Archive for December 2014

Somewhere Between Hope and Peace

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     It almost feels appropriate that so much unrest and outcry about injustice is happening during advent.  The dark reality is that injustice,  racism,  hatred,  and violence has been going on all along,  it's just that suddenly it's more visible... at least to some people.  


     If you are non-white,  or live in a diverse urban area,  the head lines only serve to confirm something we've already been witness too. A dark reality we've already been a part of. 
     Regularly I get asked if I am afraid for my life to live where I do.  I get told often how afraid they would be if they substitute taught at Hammond High or Eggers middle school,  the 2 secondary schools downtown. 
     This rhetoric continues to shock me. Why should I be afraid? 
      My follow up question is almost always met with an awkward gaze and uncomfortable silence.  They don't want to say what they mean,  because they think as an educated white middle class woman the same fear resides within me.  A fear of the unknown,  a fear of seeing things that make us uncomfortable,  a fear of being the only person in the room who looks like us,  a fear of kids who have been raised with little guidance or hope,  and let's just address the elephant in the room,  a fear of black and hispanic people. 
      Fear. It's often under the surface of our conversations about race. It's in our comments about "that part of town". It's even ever present in our movies and television shows,  where the young white teacher goes to teach at the urban predominantly black school and is met with violent and drug addicted stereotype black students.
     Fear.  It's consumed my Facebook newsfeed. Two distinct groups of people,  both afraid. One afraid to raise children in a world they could be killed just because of their skin color,  or afraid for humanity as it seems we can't move forward with grace and love.  The other,  afraid to listen,  afraid they might be wrong,  afraid of a world where the police they have always trusted might be wrong. 
     I straddle both of those worlds. I'm afraid at times to raise half black children in this world,  afraid for my students and neighbors,  yet I've always trusted police,  never experienced issues with my race (though when I'm with my husband,  it's a different experience), afraid at times that maybe I'm not as honest about my own biases as I could be,  and afraid I might be wrong. 
     Fear.  We live in fear. 

      Yet,  we long for something else. Something more.  Something greater. 
     In the midst of our fear,  we long for a world without fear,  a world of understanding,  of grace,  of love,  of hope. 
     That's what advent is.  Longing for more,  looking for more,  hoping for more,  and ultimately seeing that come in Christ.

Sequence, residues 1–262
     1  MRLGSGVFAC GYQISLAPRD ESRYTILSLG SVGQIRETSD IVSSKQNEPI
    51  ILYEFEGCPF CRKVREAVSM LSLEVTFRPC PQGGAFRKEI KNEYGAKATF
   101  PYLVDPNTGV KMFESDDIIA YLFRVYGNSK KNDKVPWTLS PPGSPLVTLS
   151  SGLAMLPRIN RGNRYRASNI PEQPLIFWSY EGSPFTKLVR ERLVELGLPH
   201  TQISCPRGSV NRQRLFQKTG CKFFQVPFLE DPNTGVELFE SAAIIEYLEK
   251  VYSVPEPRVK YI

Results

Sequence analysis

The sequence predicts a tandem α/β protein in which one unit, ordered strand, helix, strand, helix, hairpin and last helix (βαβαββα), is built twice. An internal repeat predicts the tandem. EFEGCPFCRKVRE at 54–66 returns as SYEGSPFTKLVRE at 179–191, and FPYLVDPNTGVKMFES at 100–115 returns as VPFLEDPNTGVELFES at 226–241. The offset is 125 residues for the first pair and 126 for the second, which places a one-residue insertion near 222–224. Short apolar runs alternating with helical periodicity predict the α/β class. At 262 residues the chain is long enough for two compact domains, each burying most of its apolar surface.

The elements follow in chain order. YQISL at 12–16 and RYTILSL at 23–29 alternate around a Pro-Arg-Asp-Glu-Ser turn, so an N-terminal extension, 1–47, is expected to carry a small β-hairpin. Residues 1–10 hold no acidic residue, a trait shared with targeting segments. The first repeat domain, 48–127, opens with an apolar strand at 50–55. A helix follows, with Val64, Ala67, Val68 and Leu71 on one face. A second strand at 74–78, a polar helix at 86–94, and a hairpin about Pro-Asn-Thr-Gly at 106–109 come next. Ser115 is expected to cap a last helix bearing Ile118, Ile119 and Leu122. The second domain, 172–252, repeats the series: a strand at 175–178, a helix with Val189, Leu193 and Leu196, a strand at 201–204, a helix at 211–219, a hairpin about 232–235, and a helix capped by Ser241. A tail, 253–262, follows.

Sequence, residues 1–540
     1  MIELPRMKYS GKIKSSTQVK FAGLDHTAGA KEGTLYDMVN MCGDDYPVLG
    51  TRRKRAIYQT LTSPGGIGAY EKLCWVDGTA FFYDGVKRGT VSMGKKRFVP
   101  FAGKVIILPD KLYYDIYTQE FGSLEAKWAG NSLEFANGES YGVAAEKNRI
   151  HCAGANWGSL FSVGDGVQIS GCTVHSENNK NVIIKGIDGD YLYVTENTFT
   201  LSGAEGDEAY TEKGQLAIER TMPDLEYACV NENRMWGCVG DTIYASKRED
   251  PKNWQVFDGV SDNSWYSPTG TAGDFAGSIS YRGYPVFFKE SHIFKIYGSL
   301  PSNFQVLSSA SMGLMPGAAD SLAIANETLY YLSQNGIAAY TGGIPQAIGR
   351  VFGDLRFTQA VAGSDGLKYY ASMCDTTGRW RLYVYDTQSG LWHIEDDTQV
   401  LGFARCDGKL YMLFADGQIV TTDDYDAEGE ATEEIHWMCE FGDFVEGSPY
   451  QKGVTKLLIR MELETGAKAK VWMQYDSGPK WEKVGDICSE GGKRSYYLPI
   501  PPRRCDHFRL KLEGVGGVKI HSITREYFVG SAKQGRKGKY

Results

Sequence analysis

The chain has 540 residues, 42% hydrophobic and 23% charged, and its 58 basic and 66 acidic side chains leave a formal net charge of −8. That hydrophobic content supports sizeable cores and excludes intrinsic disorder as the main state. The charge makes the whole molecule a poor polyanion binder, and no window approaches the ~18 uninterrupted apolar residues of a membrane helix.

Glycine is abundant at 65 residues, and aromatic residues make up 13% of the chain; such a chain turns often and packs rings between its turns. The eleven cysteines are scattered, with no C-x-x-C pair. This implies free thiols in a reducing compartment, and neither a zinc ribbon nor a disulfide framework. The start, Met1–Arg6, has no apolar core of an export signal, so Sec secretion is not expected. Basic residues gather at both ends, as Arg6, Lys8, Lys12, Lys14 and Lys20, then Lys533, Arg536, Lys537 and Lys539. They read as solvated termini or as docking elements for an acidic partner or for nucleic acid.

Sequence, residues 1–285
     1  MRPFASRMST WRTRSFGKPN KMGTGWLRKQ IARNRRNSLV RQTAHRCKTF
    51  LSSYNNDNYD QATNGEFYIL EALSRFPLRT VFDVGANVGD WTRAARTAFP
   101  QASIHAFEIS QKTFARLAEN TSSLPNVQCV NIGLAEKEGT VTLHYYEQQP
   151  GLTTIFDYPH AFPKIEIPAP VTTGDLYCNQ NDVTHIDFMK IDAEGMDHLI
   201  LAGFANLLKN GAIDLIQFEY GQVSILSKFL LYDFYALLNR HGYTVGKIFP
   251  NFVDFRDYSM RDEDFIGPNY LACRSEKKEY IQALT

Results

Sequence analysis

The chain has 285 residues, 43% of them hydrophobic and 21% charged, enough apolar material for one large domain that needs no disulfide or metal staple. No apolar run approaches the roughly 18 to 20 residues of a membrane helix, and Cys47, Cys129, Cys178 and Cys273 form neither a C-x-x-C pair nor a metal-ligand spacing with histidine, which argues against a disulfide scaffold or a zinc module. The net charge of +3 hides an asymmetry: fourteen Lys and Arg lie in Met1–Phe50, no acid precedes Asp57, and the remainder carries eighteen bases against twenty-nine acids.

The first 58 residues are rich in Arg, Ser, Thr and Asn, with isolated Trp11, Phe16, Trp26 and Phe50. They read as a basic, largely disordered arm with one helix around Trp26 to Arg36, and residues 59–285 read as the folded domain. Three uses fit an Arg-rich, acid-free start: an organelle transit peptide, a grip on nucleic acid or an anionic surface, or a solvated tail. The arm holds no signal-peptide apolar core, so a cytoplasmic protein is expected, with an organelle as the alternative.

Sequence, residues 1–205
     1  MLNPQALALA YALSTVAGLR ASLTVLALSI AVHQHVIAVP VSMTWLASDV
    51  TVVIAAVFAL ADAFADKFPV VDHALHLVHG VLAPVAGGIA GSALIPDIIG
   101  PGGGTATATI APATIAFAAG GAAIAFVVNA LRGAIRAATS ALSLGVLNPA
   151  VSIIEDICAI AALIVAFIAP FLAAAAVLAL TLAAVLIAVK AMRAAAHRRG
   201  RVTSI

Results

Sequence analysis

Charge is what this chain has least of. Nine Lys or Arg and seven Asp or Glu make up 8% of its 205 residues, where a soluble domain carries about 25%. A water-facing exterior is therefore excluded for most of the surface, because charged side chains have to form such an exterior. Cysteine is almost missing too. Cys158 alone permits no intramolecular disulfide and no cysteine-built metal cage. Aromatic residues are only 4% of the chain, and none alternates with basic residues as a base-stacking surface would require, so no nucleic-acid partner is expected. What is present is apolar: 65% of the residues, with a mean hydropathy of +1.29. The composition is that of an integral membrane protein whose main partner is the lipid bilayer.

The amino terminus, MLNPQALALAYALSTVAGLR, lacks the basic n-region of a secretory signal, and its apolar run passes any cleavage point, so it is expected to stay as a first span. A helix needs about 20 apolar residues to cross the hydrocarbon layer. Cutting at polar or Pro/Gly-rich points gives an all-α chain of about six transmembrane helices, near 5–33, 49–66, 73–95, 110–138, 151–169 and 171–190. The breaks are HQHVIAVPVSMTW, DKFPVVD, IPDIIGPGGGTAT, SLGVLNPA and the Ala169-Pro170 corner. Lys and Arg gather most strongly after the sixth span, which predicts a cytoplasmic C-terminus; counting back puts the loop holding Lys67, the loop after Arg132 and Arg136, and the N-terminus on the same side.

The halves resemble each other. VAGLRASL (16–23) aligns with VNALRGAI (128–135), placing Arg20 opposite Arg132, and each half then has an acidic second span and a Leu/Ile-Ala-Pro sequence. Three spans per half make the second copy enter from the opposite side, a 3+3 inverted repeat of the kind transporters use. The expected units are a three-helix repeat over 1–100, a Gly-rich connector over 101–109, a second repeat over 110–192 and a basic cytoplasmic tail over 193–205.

We didn't invent fear,  racism,  corruption.  That all existed 2 thousand years ago too. In a small town of Bethlehem.  Where the military state controlled all aspects of life. Where to be a Jew,  meant oppression. In the midst of this world of violence,  of pain,  of suffering,  of fear,  an angel shows up to a group of smelly outcasts. 

               "Fear not" the angel says.  Was that spoken just for that moment?  Maybe,  but their entire world was fear. It is no accident they are being told not to fear. 
        But why should the fear stop,  "because I bring glad tidings of great joy,  which shall be for ALL people.  For today,  in the city of David,  a savior has been born to you,  he is Christ the LORD".
          God had broken into the midst of fear,  of loneliness, of pain,  of confusion,  to bring joy,  hope,  love,  heading,  and peace.
         The good news of advent is,  that Christ still comes.  He comes in our compassion,  in our love,  in our service,  in our grace.  He came, he comes,  and is coming again to fulfill what was started in a world of fear,  doubt,  and pain.  He is coming to make all things right. 


       So today,  we sit between the first and second week of advent, between hope and peace.  We don't just sit their metaphorically,  but we sit their as individuals,  as communities,  and as a nation.  We sit with a decision like the shepherds of old,  to go and see this thing the angel said, to embrace the news,  to share the news,  to abandon our fear for love and grace,  or to stay,  to be stunted by our fear,  and miss out on the greatest miracle of all.  

    I don't know about you,  but I am tired of being afraid,  tired of doubt,  of loneliness,  and hatred,  so I'm running as fast as i can, doing all within my power to bring hope,  peace,  joy,  and love to this world that so desperately needs it.
    I am sharing with all this advent "fear not,  for I bring glad tidings of great joy for ALL people,  no matter who you are,  what you look like,  your economic status,  your gender,  your race,  there is a savior, he is Christ the LORD"